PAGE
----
Millions of Americans live with physical and mental challenges that significantly affect their ability to complete daily activities but have no visible characteristics. Commonly referred to as invisible disabilities, these include, but are not limited to, autism spectrum disorder, mental illness, learning disabilities, physical conditions like asthma and diabetes, and chronic illnesses such as Crohn’s disease and lupus.
While the exact number of people living with invisible disabilities in the U.S. is difficult to pinpoint — estimates range from 3 to 26 million — it is believed that, among college students, the most common form of disabilities are those with few or no visible characteristics, according to Invisible Disabilities in the University, a report published by The Ohio State University. Although many of these conditions are legally documented, their invisible nature, along with the stigma sometimes associated with having any disability, keeps many students from requesting the accommodations they need, according to the Invisible Disabilities Association (IDA).
Some colleges and universities, however, have developed innovative programs to ensure that these students feel comfortable seeking accommodations and have access to the support they need to succeed.
University of Arizona
The Strategic Alternative Learning Techniques (SALT) Center at the University of Arizona (UA) specializes in assisting with learning disabilities, attention disorders, or other conditions that directly affect a student’s ability to learn. While UA, like most schools, has a Disability Resource Center (DRC) that provides necessary accommodations for students with any form of legally documented disability, the SALT Center offers “comprehensive academic support above and beyond what the law requires,” says Laurel Grigg Mason, interim director of the center.
[Above: The Strategic Alternative Learning Techniques (SALT) Center at the University of Arizona]
All students who register with the center are assigned a learning specialist,with whom they work on challenges related to their particular disability. Students typically meet with their specialist at least once a week and attend weekly tutoring sessions. While the SALT Center offers the same services to each student, Mason acknowledges that there is no “one size fits all” formula that will work for every person and every disability. “We try to work with each student to figure out what his or her needs are and what support we can provide,” she says. “The type of services they engage with are the same, but students might use each one of them differently.”
For instance, she says, students with traumatic brain injuries may have no trouble learning in the classroom, but they often experience difficulty with memory and recalling information later on. They may need to attend tutoring several times a week to review class material, as well as work with a learning specialist on memorization techniques. Conversely, Mason says students with autism spectrum disorder don’t often experience challenges with memorization, but do have difficulty learning abstract concepts and communicating. At UA, those with this disorder are able to work with tutors to better understand such concepts and with learning specialists to overcome communication challenges in the classroom.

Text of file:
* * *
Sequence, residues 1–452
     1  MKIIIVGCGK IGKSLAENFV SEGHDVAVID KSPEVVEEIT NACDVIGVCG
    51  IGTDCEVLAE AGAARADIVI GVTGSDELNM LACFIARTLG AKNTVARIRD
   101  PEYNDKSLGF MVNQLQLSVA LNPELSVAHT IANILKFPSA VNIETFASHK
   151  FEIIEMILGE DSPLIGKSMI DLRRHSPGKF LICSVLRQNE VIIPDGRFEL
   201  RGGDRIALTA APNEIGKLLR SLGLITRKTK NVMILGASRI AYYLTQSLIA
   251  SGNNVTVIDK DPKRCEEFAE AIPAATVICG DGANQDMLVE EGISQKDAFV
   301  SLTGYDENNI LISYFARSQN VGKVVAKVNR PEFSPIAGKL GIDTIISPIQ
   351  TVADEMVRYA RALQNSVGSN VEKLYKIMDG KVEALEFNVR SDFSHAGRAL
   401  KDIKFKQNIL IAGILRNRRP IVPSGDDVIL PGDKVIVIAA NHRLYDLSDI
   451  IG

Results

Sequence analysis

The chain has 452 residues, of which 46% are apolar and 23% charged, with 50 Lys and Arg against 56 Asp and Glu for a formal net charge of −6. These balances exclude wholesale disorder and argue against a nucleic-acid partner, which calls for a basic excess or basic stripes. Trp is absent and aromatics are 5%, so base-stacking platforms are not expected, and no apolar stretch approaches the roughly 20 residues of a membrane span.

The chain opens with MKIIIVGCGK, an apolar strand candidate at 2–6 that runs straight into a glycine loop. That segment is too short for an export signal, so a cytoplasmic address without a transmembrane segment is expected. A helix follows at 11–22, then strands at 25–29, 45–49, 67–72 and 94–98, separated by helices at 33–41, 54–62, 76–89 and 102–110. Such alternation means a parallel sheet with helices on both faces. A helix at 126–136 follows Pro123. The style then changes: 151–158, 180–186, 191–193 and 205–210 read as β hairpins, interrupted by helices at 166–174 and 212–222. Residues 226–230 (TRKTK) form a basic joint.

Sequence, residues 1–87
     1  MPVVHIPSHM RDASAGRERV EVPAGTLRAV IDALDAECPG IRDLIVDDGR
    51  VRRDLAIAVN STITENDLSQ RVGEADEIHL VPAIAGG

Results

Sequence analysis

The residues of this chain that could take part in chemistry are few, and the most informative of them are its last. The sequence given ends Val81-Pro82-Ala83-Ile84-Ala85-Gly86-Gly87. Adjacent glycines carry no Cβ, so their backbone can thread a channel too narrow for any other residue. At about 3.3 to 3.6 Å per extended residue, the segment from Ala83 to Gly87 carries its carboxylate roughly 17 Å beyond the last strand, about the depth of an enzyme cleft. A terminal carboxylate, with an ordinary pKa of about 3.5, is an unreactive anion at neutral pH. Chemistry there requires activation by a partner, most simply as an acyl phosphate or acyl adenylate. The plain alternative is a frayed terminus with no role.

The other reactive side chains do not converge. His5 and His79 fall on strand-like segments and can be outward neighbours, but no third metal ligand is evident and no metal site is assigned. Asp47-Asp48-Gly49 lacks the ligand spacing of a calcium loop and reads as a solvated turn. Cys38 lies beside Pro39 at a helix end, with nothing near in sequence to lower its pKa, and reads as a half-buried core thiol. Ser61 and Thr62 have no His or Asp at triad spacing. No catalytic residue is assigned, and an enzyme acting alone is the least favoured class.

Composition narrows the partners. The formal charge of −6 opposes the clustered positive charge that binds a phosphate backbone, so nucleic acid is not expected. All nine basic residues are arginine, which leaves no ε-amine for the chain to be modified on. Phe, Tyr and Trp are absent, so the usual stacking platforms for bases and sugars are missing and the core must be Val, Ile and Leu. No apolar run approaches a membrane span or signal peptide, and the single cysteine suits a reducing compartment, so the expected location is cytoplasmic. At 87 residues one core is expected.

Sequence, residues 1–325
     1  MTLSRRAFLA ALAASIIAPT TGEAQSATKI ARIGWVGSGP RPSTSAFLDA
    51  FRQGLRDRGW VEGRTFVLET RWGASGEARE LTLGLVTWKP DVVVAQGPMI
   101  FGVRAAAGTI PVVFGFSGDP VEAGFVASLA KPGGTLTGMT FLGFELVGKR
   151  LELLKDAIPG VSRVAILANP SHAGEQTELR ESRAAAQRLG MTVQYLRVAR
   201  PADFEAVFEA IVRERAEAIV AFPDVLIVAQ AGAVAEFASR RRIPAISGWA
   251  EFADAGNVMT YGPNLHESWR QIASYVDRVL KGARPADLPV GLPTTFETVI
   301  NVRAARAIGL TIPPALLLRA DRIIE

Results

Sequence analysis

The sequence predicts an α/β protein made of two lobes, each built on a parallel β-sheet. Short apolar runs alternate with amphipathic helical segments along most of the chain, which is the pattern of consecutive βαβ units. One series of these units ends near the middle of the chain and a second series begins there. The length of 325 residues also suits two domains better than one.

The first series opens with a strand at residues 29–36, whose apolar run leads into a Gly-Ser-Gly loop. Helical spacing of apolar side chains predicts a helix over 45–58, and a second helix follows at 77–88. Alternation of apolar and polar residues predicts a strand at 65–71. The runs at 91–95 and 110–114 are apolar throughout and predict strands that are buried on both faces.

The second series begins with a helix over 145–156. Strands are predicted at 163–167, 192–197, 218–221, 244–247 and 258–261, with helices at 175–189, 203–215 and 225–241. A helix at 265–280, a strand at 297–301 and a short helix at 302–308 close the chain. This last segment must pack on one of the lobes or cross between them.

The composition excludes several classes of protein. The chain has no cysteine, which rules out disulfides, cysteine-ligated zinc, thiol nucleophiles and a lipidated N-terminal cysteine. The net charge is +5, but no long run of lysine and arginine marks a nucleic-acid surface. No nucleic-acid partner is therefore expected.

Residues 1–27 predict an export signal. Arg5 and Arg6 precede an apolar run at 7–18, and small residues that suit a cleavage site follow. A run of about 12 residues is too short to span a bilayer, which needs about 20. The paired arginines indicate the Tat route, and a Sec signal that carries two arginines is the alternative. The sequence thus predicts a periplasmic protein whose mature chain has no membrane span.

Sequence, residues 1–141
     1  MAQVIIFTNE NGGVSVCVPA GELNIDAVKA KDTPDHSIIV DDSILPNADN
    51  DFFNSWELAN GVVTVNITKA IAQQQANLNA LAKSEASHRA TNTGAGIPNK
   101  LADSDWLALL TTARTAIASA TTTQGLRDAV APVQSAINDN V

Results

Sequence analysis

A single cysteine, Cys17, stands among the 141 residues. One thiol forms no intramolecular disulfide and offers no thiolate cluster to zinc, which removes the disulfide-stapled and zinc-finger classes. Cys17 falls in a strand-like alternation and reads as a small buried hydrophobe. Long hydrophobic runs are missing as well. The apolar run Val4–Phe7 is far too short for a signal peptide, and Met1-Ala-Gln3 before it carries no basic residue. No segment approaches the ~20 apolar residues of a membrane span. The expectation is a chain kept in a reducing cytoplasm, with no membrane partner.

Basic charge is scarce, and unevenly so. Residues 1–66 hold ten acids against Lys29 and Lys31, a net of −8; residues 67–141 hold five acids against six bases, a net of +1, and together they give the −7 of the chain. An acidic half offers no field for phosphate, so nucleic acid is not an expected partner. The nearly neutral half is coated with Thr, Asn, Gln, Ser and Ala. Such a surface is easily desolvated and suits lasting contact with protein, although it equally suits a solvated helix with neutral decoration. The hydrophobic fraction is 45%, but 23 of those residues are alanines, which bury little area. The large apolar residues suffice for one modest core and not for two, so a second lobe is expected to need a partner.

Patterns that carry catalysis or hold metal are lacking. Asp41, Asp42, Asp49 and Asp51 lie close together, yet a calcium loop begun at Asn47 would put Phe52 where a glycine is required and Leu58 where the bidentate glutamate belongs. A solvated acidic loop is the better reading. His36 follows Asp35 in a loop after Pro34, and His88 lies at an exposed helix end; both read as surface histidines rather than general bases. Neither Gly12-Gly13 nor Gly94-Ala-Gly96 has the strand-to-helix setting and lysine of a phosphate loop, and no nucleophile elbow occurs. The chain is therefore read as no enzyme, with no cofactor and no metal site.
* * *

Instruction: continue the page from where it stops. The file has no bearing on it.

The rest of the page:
According to Mason, speaking with instructors can be a difficult task for any student with an invisible disability, even those who don’t struggle with communication skills. In K-12, she explains, learning specialists and teachers work together on individualized education plans for students with disabilities. In college, however, once students have registered with their university’s disability resource center and have been approved for certain accommodations, they are usually responsible for informing instructors of the disability and the accommodations required.
However, the idea of telling strangers — especially new professors — that one has a disability and requires special accommodations can be a daunting task for many students, particularly incoming freshmen, says Emily Pendleton, an alumna of UA who was diagnosed with auditory processing challenges as a child. “It’s scary being a young adult and suddenly having to navigate this process on your own,” says Pendleton, who now serves as the assistant director of regional retail operations at UA and advocates for students with learning disabilities.
As a freshman, Pendleton sought assistance from the SALT Center, where her learning disability specialist helped guide her through the process of informing her professors of her challenges and the accommodations she needed, such as permission to record classroom lectures. Having the support of a learning specialist, Pendleton says, also helped her build confidence and enabled her to be more open with others about her disability. “The SALT Center provided me with a great sense of advocacy,” she says. “In part, that’s why I’ve been so open about my challenges — because there shouldn’t be a stigma.”
Teaching students with disabilities to be self-advocates is the most important role of any DRC, says Mary Barrows, MEd, the senior director of learning strategies and student success at Northeastern University. Being a self-advocate means knowing how and when to disclose one’s disability to an instructor or a peer, as well as knowing how to ask for help and necessary resources, she says.